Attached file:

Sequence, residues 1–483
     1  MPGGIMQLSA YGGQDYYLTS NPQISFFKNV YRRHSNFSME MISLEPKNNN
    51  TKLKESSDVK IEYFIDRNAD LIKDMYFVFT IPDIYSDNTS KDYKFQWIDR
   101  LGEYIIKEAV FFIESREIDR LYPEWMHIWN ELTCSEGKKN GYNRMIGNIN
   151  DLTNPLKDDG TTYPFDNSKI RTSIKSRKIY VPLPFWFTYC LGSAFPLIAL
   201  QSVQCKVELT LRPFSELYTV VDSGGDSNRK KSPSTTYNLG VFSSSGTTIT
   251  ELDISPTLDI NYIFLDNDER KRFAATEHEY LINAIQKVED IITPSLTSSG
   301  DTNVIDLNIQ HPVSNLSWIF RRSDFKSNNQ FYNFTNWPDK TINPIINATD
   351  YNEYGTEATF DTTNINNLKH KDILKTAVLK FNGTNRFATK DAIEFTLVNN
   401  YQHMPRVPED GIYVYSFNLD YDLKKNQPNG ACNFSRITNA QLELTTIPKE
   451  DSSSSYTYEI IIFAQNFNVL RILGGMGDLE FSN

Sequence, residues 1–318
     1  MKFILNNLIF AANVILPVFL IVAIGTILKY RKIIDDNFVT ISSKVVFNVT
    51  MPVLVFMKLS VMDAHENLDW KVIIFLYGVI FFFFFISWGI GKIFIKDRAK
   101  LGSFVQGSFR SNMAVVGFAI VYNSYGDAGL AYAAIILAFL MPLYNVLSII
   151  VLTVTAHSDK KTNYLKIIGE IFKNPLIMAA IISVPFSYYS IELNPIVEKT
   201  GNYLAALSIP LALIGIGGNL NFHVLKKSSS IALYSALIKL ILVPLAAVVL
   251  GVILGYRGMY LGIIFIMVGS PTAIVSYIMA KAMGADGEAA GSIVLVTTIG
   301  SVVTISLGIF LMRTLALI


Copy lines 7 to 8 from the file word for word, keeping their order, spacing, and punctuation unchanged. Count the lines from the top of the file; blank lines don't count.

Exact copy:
   251  ELDISPTLDI NYIFLDNDER KRFAATEHEY LINAIQKVED IITPSLTSSG
   301  DTNVIDLNIQ HPVSNLSWIF RRSDFKSNNQ FYNFTNWPDK TINPIINATD